IASLC: Screen nonsmokers for lung cancer, too

2016 08 02 15 17 42 85 Lungs Red Body 400

Nonsmokers benefit from regular CT lung cancer screening as much as heavy smokers, especially if they have a family history of the disease, according to study findings presented January 30 by a team of Taiwanese researchers at the International Association for the Study of Lung Cancer's (IASLC) World Conference on Lung Cancer in Singapore.

The results demonstrate that in countries like Taiwan, where many patients who have never smoked develop lung cancer -- in fact, 53% of those who die of the disease there do not smoke, the IASLC said in a statement -- screening with low-dose CT (LDCT) can be effective, said presenter Dr. Pan-Chyr Yang, PhD, of the National Taiwan University College of Medicine in Taipei in the statement.

"The study revealed that LDCT screening for lung cancer in never-smokers at high risk may be feasible, which is very important ... [considering] the increasing global threat for lung cancer," he said.

At the meeting, Yang shared data from the Taiwan Lung Cancer Screening for Never Smoker Trial (TALENT), conducted in part to develop a risk-prediction model that would identify those who could benefit from CT lung cancer screening. The study included 12,011 participants enrolled between February 2015 and July 2019.

Participants were between 55 and 75 and had never smoked, although they had at least one risk factor for lung cancer, such as family history of the disease, passive smoking exposure, tuberculosis or chronic pulmonary disease, or absence of ventilation during cooking.

Of the total study cohort, the investigators found the following:

  • 50% had a family history of lung cancer.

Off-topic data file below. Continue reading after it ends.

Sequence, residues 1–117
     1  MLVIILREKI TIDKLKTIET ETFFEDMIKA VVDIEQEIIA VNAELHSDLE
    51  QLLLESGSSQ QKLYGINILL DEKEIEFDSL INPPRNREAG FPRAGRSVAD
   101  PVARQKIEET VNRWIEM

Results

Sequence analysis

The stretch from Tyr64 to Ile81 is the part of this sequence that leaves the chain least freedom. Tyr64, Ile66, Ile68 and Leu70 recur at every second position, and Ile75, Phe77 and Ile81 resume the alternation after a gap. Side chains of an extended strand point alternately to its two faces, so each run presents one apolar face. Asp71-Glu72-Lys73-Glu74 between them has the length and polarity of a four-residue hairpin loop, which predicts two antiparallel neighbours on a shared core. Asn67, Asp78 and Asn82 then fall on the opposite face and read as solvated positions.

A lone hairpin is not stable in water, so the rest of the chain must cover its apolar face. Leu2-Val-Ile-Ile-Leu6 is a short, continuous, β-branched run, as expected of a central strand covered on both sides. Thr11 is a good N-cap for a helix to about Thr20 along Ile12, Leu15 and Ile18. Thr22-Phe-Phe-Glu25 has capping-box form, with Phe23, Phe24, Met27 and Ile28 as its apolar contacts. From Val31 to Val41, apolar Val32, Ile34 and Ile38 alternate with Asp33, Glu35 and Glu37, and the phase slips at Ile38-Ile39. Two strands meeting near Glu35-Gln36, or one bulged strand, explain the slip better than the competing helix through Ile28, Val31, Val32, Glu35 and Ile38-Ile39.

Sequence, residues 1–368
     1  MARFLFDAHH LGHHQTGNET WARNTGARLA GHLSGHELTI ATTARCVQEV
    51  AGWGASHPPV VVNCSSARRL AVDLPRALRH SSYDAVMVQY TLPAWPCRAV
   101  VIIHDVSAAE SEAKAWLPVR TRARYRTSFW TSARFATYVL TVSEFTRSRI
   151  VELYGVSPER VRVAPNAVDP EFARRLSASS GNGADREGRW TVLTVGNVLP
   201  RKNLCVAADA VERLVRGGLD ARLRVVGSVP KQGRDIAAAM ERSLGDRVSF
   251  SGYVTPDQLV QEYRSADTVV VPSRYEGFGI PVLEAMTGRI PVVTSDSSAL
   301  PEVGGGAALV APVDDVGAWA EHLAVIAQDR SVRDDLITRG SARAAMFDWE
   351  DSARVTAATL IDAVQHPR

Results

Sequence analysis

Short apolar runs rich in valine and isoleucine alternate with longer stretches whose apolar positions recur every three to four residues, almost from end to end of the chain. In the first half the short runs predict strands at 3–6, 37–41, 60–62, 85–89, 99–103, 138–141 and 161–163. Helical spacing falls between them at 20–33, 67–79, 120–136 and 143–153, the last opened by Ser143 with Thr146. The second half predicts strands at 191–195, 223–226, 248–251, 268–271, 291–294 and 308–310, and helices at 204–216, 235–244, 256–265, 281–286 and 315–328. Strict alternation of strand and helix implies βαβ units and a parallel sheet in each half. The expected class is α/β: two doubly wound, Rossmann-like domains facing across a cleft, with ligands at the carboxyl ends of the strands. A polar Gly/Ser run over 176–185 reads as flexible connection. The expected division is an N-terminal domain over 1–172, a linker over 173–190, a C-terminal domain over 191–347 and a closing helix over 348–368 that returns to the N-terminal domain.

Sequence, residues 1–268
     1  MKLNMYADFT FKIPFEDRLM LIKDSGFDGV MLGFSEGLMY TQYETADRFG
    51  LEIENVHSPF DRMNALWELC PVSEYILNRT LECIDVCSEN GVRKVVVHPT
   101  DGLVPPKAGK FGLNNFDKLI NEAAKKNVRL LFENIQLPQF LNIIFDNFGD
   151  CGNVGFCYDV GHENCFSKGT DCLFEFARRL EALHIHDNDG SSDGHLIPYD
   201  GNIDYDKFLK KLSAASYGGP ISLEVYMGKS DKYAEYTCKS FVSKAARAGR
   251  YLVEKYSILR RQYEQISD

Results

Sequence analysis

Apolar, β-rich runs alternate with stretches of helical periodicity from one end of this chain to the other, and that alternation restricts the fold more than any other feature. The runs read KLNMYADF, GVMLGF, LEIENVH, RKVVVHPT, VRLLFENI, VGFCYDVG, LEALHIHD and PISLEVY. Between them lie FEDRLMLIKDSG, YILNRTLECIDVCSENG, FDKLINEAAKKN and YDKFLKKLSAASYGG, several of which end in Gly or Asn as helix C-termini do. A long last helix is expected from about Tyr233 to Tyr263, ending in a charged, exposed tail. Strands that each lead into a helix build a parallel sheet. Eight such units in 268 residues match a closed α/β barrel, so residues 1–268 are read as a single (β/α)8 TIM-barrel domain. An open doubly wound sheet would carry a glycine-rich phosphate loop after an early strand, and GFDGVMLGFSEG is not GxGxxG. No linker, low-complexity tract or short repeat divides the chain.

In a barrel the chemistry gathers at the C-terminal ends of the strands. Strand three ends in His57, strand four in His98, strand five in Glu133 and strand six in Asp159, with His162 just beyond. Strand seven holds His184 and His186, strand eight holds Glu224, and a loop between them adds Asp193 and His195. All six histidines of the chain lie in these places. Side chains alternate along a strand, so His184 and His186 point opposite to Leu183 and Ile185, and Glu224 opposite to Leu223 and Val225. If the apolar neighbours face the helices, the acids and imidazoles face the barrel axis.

• 17.4% showed findings indicative of disease on screening.
  • 3.3% underwent lung biopsies or surgeries.
  • 2.6% were diagnosed with lung cancer.
  • 96.5% of the patients were diagnosed with early stage disease (0 or 1).

Yang's team also found that the prevalence of lung cancer was 3.2% among participants with a family history of the disease and 2% in those with no family history. Lung cancer risk increased as the number of first-degree relatives with the disease increased, from 3.1% among those with one relative with lung cancer to 9.1% among those with four relatives with it.

The TALENT results for early cancer detection were even better than those of the National Lung Screening Trial (NLST) and the Nederlands-Leuvens Longkanker Screenings Onderzoek (NELSON) trial, Yang and colleagues noted.

"The TALENT study confirmed the effectiveness of LDCT screening in a predefined, never smoker, high risk population," they wrote. "The T0 lung cancer detection rate was 2.6%, which was even higher than the NLST study (1.1%) and NELSON study (0.9%)."

Yang and colleagues plan to develop a lung cancer risk score predictor that takes family history and genetic and environmental factors into account that will help establish a standard screening protocol for Taiwan.

"We hope the screening program can benefit patients suffering from lung cancer, especially in those countries with high incidence of lung cancer in never [smokers]," Yang said in the IASLC statement.

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